In our technology-focused world, it’s easy to forget that we don’t always communicate with people via text or email. It’s important to know how to speak effectively with people, no matter what your age. Modeling good communication skills for our kids is the best way to show them how it’s done.
Eye contact: One of the most important, and often the hardest, skills to master is eye contact, especially for kids. The difference between maintaining good eye contact and staring someone down is subtle, and it’s not easy to explain. Model the skill on a daily basis with them.
Be responsive: Another difficult thing for kids is readily responding to others’ questions, compliments or statements. Encourage kids to answer questions from adults (while making eye contact, of course!) with complete sentences and interest. One word answers like “fine” get the job done, but good conversationalists take it a step further. “I’m fine, thanks. How are things with you?”
Be aware of body language: Kids are just learning how holding your arms or standing in certain ways sends signals as much as their words do. Encourage children not to cross their arms when they talk and not to point their head toward the floor. They also will learn to pick up on others’ non-verbal cues as they think about how their own are perceived.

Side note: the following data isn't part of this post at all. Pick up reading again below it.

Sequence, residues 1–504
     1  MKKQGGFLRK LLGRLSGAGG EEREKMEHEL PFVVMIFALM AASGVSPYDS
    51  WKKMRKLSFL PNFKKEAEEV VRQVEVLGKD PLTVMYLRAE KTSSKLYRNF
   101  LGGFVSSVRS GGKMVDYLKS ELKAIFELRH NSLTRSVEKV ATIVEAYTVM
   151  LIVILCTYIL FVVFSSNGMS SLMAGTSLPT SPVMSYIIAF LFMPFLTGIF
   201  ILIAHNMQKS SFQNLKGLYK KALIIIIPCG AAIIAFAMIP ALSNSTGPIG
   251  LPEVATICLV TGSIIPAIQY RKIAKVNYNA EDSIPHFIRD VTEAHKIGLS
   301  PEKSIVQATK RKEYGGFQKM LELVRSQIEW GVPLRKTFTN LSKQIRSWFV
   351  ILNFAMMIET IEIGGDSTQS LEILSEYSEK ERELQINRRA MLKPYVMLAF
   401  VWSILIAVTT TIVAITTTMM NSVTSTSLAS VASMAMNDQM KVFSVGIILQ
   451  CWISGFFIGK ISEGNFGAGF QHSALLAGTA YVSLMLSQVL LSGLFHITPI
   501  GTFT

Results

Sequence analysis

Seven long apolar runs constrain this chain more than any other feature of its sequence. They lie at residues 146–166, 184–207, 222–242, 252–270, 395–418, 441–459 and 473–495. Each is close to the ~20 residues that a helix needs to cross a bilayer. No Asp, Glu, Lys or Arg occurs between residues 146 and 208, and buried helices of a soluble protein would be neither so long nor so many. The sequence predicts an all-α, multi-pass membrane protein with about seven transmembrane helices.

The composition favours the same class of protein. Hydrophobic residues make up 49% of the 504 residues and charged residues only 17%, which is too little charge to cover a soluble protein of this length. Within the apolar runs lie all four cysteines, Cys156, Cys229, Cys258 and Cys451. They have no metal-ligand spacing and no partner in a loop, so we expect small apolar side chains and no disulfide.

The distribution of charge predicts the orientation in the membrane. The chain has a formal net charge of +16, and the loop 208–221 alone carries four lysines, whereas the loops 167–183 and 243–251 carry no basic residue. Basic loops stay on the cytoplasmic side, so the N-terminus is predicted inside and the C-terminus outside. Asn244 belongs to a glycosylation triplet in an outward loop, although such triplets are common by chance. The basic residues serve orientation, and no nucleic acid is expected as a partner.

Consider the audience: Sometimes kids have a hard time knowing how to adjust their speech for their audience. It is good for kids, as they get older, to realize that perhaps the way they address their buddies isn’t exactly the same as they would address a teacher or a stranger. Levels of formality change depending on the situation, and again, modeling and discussing these differences will help them make the distinction.
Kids are generally given a bit of a pass when it comes to having polished communication skills, but that doesn’t mean that we shouldn’t consider them “in training” to some day be effective, well-spoken adults. Even in our world of screens, good communicators will have an edge when it comes to academics, college and careers. Might as well start now!